Linking humans with blue carbon ecosystems

Social vulnerabilities of coastal communities and their reliance on blue carbon ecosystem services may be improved by addressing three major factors, according to a study led by Hokkaido University researchers.

Scientists take step to improve crops' photosynthesis, yields

In order to feed a projected 9 billion people by 2050, farmers need to grow 50% more food on a limited amount of arable land. As a result, plant scientists are in a race against time to engineer crops with higher yields by ...

Chemists discover a key to greener food production

Arguably the most important (if least well known) industrial advancement of the 20th century, the Haber-Bosch ammonia synthesis process essentially conquered food scarcity by creating the means to mass produce fertilizer—fertilizer ...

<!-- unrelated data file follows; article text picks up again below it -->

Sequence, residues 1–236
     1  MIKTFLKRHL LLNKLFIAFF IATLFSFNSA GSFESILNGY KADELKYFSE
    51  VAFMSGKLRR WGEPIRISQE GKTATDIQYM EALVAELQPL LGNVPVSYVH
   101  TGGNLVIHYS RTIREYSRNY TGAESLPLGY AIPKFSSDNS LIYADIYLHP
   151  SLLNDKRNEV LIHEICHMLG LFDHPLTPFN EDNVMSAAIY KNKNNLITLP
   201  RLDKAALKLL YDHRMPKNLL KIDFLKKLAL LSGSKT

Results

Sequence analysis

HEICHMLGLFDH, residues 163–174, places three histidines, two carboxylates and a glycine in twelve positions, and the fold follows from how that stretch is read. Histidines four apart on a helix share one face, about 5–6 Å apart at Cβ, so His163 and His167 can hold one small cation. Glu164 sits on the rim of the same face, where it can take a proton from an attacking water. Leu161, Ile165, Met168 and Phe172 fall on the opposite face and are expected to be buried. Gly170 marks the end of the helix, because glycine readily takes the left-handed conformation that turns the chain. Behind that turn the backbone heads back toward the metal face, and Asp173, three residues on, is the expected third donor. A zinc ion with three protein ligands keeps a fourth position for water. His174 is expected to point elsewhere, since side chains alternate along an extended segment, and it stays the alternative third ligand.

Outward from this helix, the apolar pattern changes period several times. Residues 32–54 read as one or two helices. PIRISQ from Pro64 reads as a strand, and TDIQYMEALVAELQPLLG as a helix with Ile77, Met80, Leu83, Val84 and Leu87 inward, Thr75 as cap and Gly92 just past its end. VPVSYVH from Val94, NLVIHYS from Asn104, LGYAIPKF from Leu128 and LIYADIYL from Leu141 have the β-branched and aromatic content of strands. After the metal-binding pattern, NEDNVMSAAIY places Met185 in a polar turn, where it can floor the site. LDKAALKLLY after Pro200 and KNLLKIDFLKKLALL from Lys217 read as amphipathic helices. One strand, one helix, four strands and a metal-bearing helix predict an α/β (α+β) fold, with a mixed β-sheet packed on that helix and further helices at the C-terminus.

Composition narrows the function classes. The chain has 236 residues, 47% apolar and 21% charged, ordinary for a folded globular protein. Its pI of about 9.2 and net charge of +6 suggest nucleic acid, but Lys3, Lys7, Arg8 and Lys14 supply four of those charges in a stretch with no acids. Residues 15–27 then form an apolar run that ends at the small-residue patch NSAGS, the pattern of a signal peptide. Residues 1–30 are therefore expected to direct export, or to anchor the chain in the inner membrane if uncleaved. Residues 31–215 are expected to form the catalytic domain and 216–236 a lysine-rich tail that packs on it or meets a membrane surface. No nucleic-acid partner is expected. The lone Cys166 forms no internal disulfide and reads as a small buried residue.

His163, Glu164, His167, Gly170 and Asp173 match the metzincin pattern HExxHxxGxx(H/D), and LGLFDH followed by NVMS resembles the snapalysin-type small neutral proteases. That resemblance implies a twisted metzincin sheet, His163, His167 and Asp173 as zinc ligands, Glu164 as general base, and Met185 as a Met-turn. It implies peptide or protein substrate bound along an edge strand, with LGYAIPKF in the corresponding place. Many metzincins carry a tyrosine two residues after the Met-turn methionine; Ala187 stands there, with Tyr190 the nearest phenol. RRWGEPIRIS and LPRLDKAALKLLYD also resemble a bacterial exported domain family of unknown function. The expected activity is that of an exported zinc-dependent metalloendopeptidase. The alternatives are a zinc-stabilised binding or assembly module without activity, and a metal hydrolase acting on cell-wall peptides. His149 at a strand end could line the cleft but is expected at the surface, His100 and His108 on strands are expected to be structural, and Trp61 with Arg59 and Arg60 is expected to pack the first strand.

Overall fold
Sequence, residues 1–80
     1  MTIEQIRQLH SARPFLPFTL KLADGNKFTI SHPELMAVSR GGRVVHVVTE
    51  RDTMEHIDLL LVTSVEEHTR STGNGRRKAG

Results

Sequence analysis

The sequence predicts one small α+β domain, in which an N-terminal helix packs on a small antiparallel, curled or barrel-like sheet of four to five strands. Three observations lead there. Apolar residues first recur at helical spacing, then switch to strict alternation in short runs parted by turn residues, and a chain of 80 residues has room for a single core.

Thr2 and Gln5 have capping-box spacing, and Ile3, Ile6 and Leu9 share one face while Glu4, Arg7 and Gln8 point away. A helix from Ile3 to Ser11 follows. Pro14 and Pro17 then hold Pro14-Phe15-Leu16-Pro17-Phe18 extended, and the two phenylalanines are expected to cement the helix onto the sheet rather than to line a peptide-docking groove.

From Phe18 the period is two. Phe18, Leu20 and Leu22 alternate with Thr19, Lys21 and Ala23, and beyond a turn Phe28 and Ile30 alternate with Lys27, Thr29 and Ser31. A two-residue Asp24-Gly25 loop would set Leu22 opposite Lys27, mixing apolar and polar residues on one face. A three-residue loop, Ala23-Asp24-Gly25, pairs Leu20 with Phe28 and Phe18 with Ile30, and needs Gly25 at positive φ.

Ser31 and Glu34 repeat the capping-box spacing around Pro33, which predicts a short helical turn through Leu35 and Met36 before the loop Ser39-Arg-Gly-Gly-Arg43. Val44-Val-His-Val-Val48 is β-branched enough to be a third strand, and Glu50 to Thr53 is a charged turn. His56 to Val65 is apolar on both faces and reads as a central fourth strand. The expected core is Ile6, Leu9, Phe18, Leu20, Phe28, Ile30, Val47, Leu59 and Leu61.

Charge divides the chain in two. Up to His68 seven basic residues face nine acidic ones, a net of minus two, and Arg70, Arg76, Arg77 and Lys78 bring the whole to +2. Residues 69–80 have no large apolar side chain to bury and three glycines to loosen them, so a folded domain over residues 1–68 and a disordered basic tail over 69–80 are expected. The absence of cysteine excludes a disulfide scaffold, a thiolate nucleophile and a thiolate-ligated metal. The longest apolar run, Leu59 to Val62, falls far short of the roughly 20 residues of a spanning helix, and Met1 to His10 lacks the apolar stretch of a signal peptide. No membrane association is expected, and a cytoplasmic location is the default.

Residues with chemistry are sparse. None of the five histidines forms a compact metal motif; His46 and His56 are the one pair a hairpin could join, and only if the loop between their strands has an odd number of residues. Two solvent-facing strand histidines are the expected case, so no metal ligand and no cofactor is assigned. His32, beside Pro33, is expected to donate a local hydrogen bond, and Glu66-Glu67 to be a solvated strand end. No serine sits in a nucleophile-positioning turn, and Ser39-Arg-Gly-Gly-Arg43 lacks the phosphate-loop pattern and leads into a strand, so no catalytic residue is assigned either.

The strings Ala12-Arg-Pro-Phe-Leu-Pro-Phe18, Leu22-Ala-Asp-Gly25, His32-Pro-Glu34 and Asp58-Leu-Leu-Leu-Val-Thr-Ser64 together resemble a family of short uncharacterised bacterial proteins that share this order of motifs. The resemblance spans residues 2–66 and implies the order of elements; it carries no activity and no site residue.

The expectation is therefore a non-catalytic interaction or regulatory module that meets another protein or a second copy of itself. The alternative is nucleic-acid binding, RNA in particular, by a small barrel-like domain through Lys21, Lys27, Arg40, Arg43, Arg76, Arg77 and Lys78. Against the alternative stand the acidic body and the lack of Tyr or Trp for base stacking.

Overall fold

Climate change increases coastal blue carbon sequestration

Coastal Blue Carbon (BC), which includes mangrove and saltmarsh tidal wetlands, of which was first coined a decade ago to describe the disproportionately large contribution of coastal vegetated ecosystems to global carbon ...

Methane in tidal marshes

A pair of University of Delaware researchers were studying "blue carbon"—the carbon stored in coastal ecosystems such as mangrove forests, salt marshes or sea grasses—when they found something no one expected to see in ...

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